Religulous is directed by the same fellow that did “Borat” and it’s co-authored and presented by Bill Maher, a Catholic-Jew crossbreed. What should we expect from such a mixture?
Yet another bitter “comedy” about our modern world, regarded as a final product of religions for the masses. The true genius of the movie resides in the critique of the religion of man, the actual metaphysics left aside, with divine (!) modesty, where it belongs: the ineffable realm of the “I don’t know.” If it would have given in to the usual atheistic crap, Religulous would have been crap itself. In turn, it achieves bitter magnificence.
Controversial, this one, as was to be expected. The Google Page Rank of 5 for the movie’s website proves that it at least got a lot of people talking about it, one way or another. Here are some, potentially useful, opinions on it.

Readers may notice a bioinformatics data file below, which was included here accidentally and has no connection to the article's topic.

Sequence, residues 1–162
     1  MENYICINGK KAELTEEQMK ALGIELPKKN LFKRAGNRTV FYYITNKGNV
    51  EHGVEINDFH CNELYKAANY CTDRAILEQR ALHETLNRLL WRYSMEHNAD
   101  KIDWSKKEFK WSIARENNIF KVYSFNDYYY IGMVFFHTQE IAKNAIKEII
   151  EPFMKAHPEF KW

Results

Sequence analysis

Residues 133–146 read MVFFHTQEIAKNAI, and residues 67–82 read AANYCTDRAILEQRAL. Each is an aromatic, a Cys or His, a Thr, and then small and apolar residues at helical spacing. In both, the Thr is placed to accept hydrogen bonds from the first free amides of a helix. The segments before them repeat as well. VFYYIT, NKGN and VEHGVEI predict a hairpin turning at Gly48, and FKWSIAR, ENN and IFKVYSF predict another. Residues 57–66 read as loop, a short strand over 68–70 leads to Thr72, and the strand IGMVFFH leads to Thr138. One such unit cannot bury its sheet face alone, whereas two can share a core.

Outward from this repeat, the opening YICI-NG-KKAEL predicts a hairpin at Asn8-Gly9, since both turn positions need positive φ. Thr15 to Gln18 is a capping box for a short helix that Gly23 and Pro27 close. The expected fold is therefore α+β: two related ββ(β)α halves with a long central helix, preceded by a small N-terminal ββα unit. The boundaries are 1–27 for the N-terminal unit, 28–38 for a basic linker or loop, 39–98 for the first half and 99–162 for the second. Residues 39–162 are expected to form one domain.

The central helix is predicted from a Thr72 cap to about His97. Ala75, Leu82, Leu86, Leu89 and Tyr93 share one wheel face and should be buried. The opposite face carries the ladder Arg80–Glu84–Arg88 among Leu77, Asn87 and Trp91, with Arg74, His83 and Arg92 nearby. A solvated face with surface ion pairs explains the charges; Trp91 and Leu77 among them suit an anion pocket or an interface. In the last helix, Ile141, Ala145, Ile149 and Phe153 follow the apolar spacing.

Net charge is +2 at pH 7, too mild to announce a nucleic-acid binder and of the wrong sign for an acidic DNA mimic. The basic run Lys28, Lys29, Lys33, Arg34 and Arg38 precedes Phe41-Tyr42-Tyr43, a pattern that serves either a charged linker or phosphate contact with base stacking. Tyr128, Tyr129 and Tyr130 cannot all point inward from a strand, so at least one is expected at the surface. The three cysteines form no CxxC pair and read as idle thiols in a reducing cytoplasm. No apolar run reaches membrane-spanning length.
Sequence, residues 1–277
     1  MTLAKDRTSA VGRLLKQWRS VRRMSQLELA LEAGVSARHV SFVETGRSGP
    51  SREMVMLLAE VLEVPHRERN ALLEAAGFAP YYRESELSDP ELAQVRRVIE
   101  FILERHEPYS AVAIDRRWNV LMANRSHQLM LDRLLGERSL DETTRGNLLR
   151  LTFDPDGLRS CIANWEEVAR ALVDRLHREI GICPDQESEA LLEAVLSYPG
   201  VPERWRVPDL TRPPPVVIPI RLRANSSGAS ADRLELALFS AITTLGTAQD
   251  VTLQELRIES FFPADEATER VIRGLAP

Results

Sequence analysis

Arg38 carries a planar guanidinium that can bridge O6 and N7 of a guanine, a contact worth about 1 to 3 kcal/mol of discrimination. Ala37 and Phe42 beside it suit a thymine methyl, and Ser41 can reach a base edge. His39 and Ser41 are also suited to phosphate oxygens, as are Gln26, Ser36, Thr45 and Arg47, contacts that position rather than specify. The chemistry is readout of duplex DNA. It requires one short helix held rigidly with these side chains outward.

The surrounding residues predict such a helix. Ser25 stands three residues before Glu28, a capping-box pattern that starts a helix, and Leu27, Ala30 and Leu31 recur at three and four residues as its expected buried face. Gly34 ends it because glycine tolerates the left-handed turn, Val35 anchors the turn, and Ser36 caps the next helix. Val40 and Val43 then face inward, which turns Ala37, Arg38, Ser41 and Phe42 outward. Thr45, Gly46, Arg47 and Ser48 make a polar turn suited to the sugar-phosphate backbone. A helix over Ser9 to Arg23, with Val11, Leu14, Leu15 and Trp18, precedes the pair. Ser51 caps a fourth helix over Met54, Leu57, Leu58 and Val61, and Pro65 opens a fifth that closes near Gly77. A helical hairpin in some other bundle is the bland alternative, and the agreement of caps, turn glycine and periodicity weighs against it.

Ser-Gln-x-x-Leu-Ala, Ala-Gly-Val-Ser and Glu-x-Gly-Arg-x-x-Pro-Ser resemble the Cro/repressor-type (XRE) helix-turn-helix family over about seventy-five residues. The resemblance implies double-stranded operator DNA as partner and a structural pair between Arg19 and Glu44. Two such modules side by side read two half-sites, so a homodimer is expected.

Failure of epistemology
And when that fails, you find yourself in the impossibility of actually knowing anything. I won’t extensively discuss the causes of such failure, I’m just going to say that the world (and society) we live in right now is one that tries its very best to ensure that nothing is to be truly known, or certain, or trusted fully by anyone. And succeeds in this attempt, at least with regard to certain, sensitive, areas. The means used to achieve this are actually very simple, and they’ve been around since the dawn of propaganda. Simply put, certain views and opinions are systematically rendered invalid (or laughable or propagandistic – see the irony here?) before allowing any valid and thorough judgement to take place. Judgement (in the sense of critical thinking) itself is systematically discouraged in favor of blind beliefs in systems and individuals, beliefs that are no less primitive than any primitive form of worship.
A moment of realization is worth a thousand prayers. Mickey Knox
Is, quite obviously, myself. I’m not alone in this, when I say “I”, maybe you should read “you” or “we”.
The things I do(n’t do)
I don’t appreciate what I have, and often think I could be better off. I keep overlooking the beauty of each passing moment, and always expect more. I’m trying to live in the future, as a way of avoiding the present.